Lower Body Stability Faults


1

 
 
 

Good Lower Body Stability

A stable lower body will create a consistent and powerful golf swing. The keys to a stable lower body are:

  1. Adequate width of stance.

  2. Knees over big toes at address.

  3. Stable trail leg through the backswing.

  4. Stable lead knee through the backswing.

  5. No early extension (forward thrusting of the pelvis) of the pelvis at impact

 

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Narrow Stance Fault

Having the appropriate width of stance promotes stability and power in the golf swing. Your stance should become wider the longer the club. The reason for a wider stance is to generate stability. As you swing faster with longer clubs you need the ability to stabilize the lower body through a wider stance.

 

3

 

Caved In Knees At Address Fault

You might think caving your knees in at address helps with rotation and stability. It actually isn’t good for your knees, and decreases rotation. This causes a lot of inward pressure of the knee and promotes bad rotation through the backswing and downswing. Having your knees over your big toe at address relieves pressure on the knees and brings stability.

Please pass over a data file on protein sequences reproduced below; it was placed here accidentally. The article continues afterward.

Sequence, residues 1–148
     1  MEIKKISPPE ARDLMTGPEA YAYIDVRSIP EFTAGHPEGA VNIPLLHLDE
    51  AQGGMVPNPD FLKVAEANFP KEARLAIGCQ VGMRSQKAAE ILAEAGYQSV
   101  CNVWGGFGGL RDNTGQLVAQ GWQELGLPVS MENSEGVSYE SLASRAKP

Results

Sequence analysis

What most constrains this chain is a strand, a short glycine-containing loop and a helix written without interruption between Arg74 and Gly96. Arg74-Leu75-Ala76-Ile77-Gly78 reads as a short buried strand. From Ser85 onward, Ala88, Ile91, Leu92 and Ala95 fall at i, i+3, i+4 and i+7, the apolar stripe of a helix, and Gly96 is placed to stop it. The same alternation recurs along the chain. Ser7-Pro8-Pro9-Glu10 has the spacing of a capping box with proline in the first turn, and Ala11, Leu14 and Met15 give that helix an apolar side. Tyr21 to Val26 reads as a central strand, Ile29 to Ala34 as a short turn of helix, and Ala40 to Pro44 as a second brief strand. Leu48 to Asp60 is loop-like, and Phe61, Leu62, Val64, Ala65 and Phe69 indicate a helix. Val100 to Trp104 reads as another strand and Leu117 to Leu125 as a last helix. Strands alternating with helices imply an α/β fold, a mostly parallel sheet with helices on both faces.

4

 

Straight Trail Leg

A straight trail knee is a common style for some golf swings. However, if the trail knee straightens too much it can cause over rotation of the pelvis, and over swinging. If you over swing keep your trail knee flexed, and limit your lower body rotation. Having too much flex in the trail knee can cause squatting and lead to other problems.

Straight Trail Leg Fault Drill

 
 

5

 

Caved Lead Leg Fault

An inward collapsing lead knee is a very common lower body stability fault. When your lead knee collapses your upper body tilts the opposite direction. This creates another issue called reverse spine angle, and it’s the most common cause of back pain. Reverse spine angle isn’t just bad for your back. It’s also bad for:

  1. Power

  2. Proper Downswing Transition

  3. Contact

  4. Consistency

You will tend to notice that you are good with your short irons, but bad with long irons and woods.

 

6

 

Early Extension Fault

Early extension is the most common swing fault in golf. Early extension is the pelvis thrusting forward or “moving off the line” on the downswing. However, it can start at the top of the swing as well. Typically the pelvis is tucking under instead of rotating through the impact zone. The pelvis should stay “on the line / wall” through the impact zone. Good pelvis mechanics promotes:

  1. Power

  2. Consistency

  3. Club Face Control

Early Extension can be caused by a number of things:

  1. Poor Footwork

  2. Inactive Glutes

  3. Unaware of Proper Mechanics

  4. Tight Hamstrings and Calves

  5. Unable to Pelvic Tilt

BUTT TO THE WALL (MUSIC STAND)